Ask the Nutritionist: Are All Calories Created Equal? In Other Words, Are All Calories Metabolized Equally by the Body?

DSC_3919-EditCongratulations to last week’s winner, Rochel Kaufman. Submit a question and you can win a free dinner for two at the Reserve Steakhouse ‘heart healthy’ menu ($120 value). The Reserve Sushi and Steakhouse is proud to introduce a new and exciting menu which provides not only delectable ways to please your palate but is actually healthy and conscious of those looking to stay away from saturated fat, cholesterol, carbs, and other poor health choices when eating out.

To submit a question to be featured in the “Ask the Nutritionist” column, email Yossi at [email protected]. Be sure to include your full name. If your question is published, your name will be mentioned and you will be awarded a free dinner for 2 from The Reserve Steakhouse’s brand new ‘heart healthy’ menu.


Are all calories created equal? In other words, are all calories metabolized equally by the body?


No, they are not equal.

Calories are found in 3 types of food – fat, carbohydrates, and protein. Whenever the body consumes more calories than it burns it stores those extra calories as fat, regardless of whether the calories are from fat, carbs or protein.

Why does the body store all calories in the form of fat?

This is because fat is the most condensed form of energy, at nine calories per gram, while protein and carbs are significantly less condensed  at only four calories per gram. It is therefore more efficient to store it in the form of fat as it takes up the least amount of space. If the body were to store excess calories in the form of protein or carbohydrate, people would be HUGE!

This is why an overweight person is called ‘fat’ in the first place. If the body were to store excess calories in the form of protein, an overweight person would be called ‘protein’. Imagine if the body stored extra calories in the form of carbs! The condition of being overweight would be referred to as being ‘carbohydrate’. (“I feel carbohydrate today,” “Does this dress make me look carbohydrate?”)

Now what does this have to do with calories not being created equal?

When the body takes those calories you just ate and stores them as fat, it requires energy and actually burns calories during the process. For the average food, 10 percent of the calories you take in are burned during digestion. Look at this like a 10 percent discount whenever you eat food. But this percentage is not the same for all foods. Fat, because it doesn’t need to be changed in order to be stored as fat, only gets only a 5 percent discount. Carbs, because the body must convert them into fat, gets a 10% discount, and protein gets a whopping 25 percent discount! This is because protein is very complex and requires a lot of energy to metabolize it and convert it into fat. So if you eat a 100 calorie piece of chicken, the body will burn an extra 25 calories just to process and store it.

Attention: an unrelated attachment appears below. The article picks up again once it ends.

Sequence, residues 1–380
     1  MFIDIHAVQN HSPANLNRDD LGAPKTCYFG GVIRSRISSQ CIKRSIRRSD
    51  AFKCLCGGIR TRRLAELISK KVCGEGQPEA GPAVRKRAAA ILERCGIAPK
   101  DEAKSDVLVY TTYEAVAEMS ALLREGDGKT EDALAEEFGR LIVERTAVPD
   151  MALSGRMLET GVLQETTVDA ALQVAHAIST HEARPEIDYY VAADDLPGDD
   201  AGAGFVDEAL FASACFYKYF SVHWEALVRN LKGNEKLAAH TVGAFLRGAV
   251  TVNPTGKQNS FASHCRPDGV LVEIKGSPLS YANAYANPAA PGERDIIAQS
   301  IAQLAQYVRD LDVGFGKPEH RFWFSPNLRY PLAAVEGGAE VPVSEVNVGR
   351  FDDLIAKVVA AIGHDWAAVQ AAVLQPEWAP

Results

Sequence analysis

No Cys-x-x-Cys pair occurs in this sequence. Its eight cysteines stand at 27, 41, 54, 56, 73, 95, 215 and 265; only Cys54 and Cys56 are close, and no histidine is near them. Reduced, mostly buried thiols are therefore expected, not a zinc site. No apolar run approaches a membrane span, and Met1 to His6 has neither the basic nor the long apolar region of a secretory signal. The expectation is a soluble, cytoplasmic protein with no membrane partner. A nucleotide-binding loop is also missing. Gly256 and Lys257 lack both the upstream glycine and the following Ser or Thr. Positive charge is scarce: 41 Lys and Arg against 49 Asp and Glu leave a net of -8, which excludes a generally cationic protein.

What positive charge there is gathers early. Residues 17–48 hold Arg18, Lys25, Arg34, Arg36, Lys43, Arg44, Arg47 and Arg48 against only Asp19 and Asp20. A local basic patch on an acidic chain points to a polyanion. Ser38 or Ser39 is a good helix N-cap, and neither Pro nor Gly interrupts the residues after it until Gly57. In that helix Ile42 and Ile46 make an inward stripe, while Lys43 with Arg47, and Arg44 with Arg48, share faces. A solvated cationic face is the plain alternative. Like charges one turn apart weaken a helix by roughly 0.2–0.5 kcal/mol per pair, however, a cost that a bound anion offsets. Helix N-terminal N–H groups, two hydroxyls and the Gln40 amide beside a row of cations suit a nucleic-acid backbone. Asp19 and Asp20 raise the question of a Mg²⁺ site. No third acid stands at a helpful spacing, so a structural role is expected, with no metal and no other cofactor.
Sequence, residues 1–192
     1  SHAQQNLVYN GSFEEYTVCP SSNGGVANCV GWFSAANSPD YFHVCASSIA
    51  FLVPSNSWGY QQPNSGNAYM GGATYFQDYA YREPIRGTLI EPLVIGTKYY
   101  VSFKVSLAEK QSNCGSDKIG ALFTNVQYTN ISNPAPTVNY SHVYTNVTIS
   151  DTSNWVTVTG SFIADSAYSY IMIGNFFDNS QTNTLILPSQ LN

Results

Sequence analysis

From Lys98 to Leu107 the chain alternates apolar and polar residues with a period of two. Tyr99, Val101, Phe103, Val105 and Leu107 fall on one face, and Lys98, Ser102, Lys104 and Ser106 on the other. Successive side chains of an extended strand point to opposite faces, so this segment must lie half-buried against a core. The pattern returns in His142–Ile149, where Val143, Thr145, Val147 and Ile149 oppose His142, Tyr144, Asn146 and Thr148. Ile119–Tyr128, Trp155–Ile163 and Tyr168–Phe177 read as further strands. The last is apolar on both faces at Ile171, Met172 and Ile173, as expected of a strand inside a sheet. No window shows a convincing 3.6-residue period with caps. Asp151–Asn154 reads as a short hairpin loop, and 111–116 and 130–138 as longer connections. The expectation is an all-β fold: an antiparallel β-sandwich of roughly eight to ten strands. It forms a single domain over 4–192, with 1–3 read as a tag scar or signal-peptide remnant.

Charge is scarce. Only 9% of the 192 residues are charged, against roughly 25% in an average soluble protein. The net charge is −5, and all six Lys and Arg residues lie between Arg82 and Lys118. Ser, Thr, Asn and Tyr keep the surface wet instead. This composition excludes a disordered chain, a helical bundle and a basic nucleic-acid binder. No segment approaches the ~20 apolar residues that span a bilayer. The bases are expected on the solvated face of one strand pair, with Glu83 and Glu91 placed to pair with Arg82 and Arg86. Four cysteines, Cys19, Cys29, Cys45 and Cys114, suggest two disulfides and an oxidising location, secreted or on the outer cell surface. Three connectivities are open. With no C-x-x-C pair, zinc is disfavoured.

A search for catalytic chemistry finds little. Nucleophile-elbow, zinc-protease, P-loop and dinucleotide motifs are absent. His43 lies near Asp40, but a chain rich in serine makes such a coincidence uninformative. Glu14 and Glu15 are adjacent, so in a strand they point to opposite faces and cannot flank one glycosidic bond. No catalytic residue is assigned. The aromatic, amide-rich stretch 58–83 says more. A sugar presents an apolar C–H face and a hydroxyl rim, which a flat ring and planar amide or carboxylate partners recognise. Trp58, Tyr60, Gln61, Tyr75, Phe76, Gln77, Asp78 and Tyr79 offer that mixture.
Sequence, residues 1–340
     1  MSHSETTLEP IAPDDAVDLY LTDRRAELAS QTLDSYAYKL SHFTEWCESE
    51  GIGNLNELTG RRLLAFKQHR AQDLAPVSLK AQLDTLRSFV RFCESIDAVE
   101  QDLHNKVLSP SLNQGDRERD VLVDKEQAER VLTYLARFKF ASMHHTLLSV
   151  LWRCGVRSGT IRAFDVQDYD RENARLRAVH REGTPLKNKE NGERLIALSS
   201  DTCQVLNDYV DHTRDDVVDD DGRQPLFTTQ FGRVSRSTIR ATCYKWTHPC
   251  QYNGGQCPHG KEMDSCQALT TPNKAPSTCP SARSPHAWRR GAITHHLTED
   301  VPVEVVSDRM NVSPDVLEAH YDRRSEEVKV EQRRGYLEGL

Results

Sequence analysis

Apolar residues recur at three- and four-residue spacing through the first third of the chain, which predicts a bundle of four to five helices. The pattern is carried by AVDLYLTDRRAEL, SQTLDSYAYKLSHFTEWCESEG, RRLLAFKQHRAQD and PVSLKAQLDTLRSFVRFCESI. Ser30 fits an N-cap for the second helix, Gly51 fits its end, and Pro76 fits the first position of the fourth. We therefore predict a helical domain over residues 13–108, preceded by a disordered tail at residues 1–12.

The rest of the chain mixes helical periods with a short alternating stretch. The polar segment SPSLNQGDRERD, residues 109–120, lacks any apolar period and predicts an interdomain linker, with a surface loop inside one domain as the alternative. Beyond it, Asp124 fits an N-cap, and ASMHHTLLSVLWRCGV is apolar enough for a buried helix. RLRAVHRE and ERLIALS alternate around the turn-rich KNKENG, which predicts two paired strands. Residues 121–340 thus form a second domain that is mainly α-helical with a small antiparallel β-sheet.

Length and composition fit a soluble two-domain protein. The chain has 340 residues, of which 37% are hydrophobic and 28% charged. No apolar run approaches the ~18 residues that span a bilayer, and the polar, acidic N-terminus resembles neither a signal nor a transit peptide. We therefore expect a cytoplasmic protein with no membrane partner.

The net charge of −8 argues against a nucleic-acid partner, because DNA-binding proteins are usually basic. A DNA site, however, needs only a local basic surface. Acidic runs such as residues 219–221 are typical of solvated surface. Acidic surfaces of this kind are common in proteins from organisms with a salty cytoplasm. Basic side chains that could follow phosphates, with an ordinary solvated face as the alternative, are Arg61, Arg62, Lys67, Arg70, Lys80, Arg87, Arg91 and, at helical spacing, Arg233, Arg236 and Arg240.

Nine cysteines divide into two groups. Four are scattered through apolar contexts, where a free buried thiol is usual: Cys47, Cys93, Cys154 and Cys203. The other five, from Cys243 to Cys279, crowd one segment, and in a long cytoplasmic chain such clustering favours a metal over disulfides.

It’s important to note that as far as health is concerned, the body’s need for carbs and fat greatly surpasses its need for protein. In order to function on an optimum level, a diet high in carbs (the good kind), moderate in fat (again, the good kind) and low in protein is recommended. However, when it comes to weight loss, eating more protein and less carbs is more effective.

Because of this, some people go on high protein/low carb diets. While this method is fine for certain people, one should certainly not cut out carbs entirely. Not only are carbs essential to a healthy body, too much protein can cause a whole host of health complications.

To sum up, metabolism is an intricate topic, and not all calories are metabolized equally by the body. We discussed one example. We will B’H discuss more examples in future articles.

Yossi Muller, CNWC, is a nutritionist with a private practice in Lakewood and also gives a college course in Applied Nutrition. His unique approach to nutrition is reaching hundreds of men in local businesses, schools, and organizations. Yossi can be reached at 732-806-7373. 

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  1. How does this explain how people can eat 5000 calories a day on the Atkins diet? Even if theres a 25 percent discount like you say, its still 4000 calories a day people should be gaining weight, not losing!

  2. @Moish The reason why you lose weight on the Atkins diet has nothing to do with eating protein. It has to do with the fact that you dont eat any carbs. Indeed people eat lots of fat on atkins and still lose weight.
    When you eat zero carbs your body starts burning stored fat at a very quick pace and does severe damage to your internal organs. Plus 62 percent of the weight you lose is water which will come pouring back in a few months into the diet. This diet was discovered 400 years ago but no Dr. publicised it because they did not want to endanger the public until Robert Atkins came along. He made millions, but hurt lots of people.I took nutrition in college btw.

  3. Yossi your high caliber of knowledge baffles me!!your a savior to our community .your unbelivable talents and skill will do away with this unhealthy epidemic among us .yossi you continue to inspire me!!!!may you only have continued hatzlacha and see the fruits that youvve planted!!

  4. If however you do treat yourself every now and then, then I highly recommend the desserts at Reserve, they are unreal, amazing, worth the calories and indulgence on an occasion.

  5. On the topic, the Reserve has a healthy dessert thats not on the menu but you can request it, its a poached pear on a fat free sponge cake with chocolate drizzle in a wine sauce that according to a certain very tall nutritionist (who writes articles for the scoop ) has only 150 calories and is very healthy for a dessert. I order it every time and its amazing!

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